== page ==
Reviewed by Daniel Mirkovic

Updated February 23, 2024


en·dorse·ment | in-ˈdȯr-smənt

Definition: An amendment to a contract of insurance that overrides the terms of the contract.

Paul asked his insurance provider if they could add an endorsement to his policy to insure his collection of antique books.

What is an endorsement?

Insurance companies don’t write insurance contracts from scratch for each of their customers. Instead, insurers use standard policy wordings, and they only need to adjust details from customer to customer.

Details like limits of coverage are certainly different in each policy, but the bulk of an insurance contract is “off the shelf.”

Here’s why endorsements exist:

When an insured has a need that isn’t covered by standard policy wordings, insurance companies can still accommodate them. The insurance company adds an endorsement to the policy that overrides the standard policy wordings.


Vanessa just moved into a new home and bought a new homeowner’s insurance policy to go with it. Her insurer’s standard policy includes a $500 coverage limit for jewellery. Vanessa, however, has quite an extensive collection of jewellery. She’s had it appraised at $15,000.

Vanessa asks her insurer if they can increase the coverage limit to accommodate her jewellery collection. The insurance company agrees to do so and adds an endorsement to her policy raising the limit of coverage for jewellery to $15,000. Vanessa pays a higher premium in return.

An endorsement overrides anything it needs to in the standard policy wordings, to provide the desired level of coverage.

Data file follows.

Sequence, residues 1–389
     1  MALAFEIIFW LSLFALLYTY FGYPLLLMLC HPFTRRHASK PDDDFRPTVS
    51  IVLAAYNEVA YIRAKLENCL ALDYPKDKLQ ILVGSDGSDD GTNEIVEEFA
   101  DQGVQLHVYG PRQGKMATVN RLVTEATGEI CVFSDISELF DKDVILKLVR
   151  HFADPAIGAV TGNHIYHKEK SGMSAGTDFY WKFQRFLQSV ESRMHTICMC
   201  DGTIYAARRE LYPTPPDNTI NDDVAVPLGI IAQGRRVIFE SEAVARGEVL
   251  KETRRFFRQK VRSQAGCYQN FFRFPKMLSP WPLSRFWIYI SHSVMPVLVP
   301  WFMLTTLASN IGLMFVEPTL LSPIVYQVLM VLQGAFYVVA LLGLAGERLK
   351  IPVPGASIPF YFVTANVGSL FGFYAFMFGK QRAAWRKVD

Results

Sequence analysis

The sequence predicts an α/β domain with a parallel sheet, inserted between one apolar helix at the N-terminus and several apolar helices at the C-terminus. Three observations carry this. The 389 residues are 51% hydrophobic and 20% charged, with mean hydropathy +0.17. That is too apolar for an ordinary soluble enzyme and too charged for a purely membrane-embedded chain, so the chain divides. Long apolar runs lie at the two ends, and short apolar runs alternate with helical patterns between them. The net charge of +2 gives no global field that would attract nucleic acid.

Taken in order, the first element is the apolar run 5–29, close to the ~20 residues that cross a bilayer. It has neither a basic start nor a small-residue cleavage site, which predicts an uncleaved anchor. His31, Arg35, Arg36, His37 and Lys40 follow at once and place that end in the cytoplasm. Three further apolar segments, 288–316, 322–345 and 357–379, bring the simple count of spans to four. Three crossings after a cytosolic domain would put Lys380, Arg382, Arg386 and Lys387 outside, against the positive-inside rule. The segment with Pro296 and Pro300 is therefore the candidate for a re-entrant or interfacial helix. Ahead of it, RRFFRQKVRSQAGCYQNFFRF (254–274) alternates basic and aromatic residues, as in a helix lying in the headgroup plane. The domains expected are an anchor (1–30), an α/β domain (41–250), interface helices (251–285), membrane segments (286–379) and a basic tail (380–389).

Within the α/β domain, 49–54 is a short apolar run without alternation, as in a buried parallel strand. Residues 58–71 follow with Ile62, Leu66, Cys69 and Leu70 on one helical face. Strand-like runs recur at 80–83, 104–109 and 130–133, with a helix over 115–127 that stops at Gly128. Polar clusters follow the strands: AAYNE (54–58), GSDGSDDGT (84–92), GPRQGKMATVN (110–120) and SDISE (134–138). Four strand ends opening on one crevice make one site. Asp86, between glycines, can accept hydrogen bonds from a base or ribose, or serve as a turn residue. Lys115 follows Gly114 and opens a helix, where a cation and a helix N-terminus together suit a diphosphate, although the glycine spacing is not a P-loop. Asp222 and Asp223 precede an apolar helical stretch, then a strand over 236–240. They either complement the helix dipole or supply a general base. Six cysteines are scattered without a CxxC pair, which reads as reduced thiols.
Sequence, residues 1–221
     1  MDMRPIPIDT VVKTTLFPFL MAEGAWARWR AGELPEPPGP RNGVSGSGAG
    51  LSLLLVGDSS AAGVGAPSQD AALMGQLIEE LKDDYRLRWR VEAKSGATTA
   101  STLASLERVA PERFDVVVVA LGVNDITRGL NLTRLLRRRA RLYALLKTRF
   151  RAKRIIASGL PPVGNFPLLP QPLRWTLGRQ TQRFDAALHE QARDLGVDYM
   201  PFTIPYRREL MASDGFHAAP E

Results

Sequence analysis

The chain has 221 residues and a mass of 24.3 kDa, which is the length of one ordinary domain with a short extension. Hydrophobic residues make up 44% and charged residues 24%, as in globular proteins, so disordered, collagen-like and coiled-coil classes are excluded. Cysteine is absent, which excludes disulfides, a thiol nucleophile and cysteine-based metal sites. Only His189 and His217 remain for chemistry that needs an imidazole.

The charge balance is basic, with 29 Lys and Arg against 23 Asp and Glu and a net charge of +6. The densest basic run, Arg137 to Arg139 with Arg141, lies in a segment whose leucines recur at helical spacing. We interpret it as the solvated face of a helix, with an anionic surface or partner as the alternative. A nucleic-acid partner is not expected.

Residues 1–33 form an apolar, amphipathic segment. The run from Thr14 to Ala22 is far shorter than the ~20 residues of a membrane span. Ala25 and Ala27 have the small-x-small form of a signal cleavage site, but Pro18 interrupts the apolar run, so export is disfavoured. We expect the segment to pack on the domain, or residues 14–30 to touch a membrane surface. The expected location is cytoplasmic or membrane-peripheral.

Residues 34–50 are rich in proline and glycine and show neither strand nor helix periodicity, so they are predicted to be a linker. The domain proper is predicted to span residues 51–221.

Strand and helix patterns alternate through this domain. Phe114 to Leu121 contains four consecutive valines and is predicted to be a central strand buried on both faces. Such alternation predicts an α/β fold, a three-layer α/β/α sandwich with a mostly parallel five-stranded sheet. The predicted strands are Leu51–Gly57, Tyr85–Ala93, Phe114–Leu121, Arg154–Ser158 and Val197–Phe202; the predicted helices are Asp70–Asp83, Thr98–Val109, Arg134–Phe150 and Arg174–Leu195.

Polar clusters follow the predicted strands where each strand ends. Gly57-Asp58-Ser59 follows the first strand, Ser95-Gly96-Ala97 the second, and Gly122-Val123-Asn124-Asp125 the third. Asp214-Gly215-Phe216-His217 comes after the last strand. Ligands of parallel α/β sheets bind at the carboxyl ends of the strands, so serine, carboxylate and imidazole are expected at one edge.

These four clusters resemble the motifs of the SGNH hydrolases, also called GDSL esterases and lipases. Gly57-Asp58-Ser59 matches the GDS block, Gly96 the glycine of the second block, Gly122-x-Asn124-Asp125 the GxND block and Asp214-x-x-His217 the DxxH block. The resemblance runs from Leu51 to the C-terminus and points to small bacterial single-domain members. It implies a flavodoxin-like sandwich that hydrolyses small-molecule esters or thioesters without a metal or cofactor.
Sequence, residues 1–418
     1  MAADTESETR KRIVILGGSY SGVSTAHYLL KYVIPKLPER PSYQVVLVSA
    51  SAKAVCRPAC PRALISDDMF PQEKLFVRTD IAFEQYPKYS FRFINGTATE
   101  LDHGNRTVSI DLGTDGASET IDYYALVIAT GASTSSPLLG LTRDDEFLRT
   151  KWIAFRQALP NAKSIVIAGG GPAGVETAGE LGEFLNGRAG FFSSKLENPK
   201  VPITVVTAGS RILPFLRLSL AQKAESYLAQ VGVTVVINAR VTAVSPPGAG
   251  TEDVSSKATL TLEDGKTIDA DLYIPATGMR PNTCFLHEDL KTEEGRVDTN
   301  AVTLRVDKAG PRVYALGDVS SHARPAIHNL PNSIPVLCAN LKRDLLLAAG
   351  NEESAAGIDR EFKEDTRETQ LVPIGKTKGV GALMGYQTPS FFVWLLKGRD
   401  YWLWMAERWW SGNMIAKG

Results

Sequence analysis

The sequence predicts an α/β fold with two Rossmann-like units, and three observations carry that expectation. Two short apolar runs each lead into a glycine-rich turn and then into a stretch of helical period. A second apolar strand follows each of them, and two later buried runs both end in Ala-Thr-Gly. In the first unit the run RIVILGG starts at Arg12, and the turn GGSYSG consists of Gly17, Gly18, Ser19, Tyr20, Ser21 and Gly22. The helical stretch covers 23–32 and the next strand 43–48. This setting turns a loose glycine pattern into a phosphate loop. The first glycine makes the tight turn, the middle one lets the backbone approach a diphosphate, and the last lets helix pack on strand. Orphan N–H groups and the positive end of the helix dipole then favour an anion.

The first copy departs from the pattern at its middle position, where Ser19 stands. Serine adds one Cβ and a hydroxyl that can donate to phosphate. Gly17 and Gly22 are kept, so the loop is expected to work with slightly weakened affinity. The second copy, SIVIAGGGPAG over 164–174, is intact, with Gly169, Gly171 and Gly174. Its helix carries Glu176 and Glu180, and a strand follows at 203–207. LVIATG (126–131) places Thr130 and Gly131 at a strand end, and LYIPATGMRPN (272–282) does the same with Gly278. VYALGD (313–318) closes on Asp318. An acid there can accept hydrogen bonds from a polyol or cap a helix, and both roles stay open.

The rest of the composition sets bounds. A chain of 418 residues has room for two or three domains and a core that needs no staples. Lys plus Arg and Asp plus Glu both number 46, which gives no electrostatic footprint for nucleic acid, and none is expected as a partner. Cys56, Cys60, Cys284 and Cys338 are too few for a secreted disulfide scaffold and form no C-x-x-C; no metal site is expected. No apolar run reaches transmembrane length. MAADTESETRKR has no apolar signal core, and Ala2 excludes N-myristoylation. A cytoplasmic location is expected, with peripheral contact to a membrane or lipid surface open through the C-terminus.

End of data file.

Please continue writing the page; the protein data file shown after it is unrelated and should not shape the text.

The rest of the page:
Insurance companies use endorsements for much more than just adjusting coverage limits, however. Here are a few other common uses of endorsements:

  • Adding or excluding covered perils. Many home insurers exclude earthquake coverage in their standard policies. They may allow insureds to add earthquake coverage to their policy with an endorsement. On the flip side, an insurer may include flood coverage by default, but use an endorsement to remove that coverage from a home sitting on a floodplain.

  • Enforcing different deductibles. An insurer can add an endorsement that changes the deductible for certain losses. For example, a policy with a standard deductible of $500 may have an endorsement that enforces a $10,000 deductible on water damage claims caused by faulty plumbing. An insurer may use such an endorsement if they know a home’s plumbing system is old and likely to fail, but they’re still willing to insure the home. They’ll usually ask the insured to upgrade their plumbing system before they can remove the endorsement.

  • Changing policy details. If the information within a policy document needs to be changed before the annual renewal, the insurer can make the change using an endorsement. For example, if the occupancy of the home changes.

  • Insuring a home-based business. Home insurers can insure property used for certain home-based businesses that meet their guidelines. But first, insureds need to request an endorsement that includes their business property.

Usually, the insured requests that their insurance company add an endorsement to their policy. Sometimes, though, the insurer adds endorsements of their own, which are not optional.

As in the example above, where an insurer adds a $10,000 deductible for claims arising from burst pipes, sometimes insurers enforce higher deductibles or lower limits than what their standard policy offers.

These types of endorsements aren’t optional; if the insured wants the policy, they must accept the terms. Mandatory endorsements of this nature aren’t common, however.

What is the difference between an endorsement and a rider?

Endorsements are also known as riders. Rider and endorsement are the same thing; they both refer to changes made to an insurance contract. Floater is another term you’ll sometimes hear, which also means roughly the same thing. You’ll often hear these terms used interchangeably.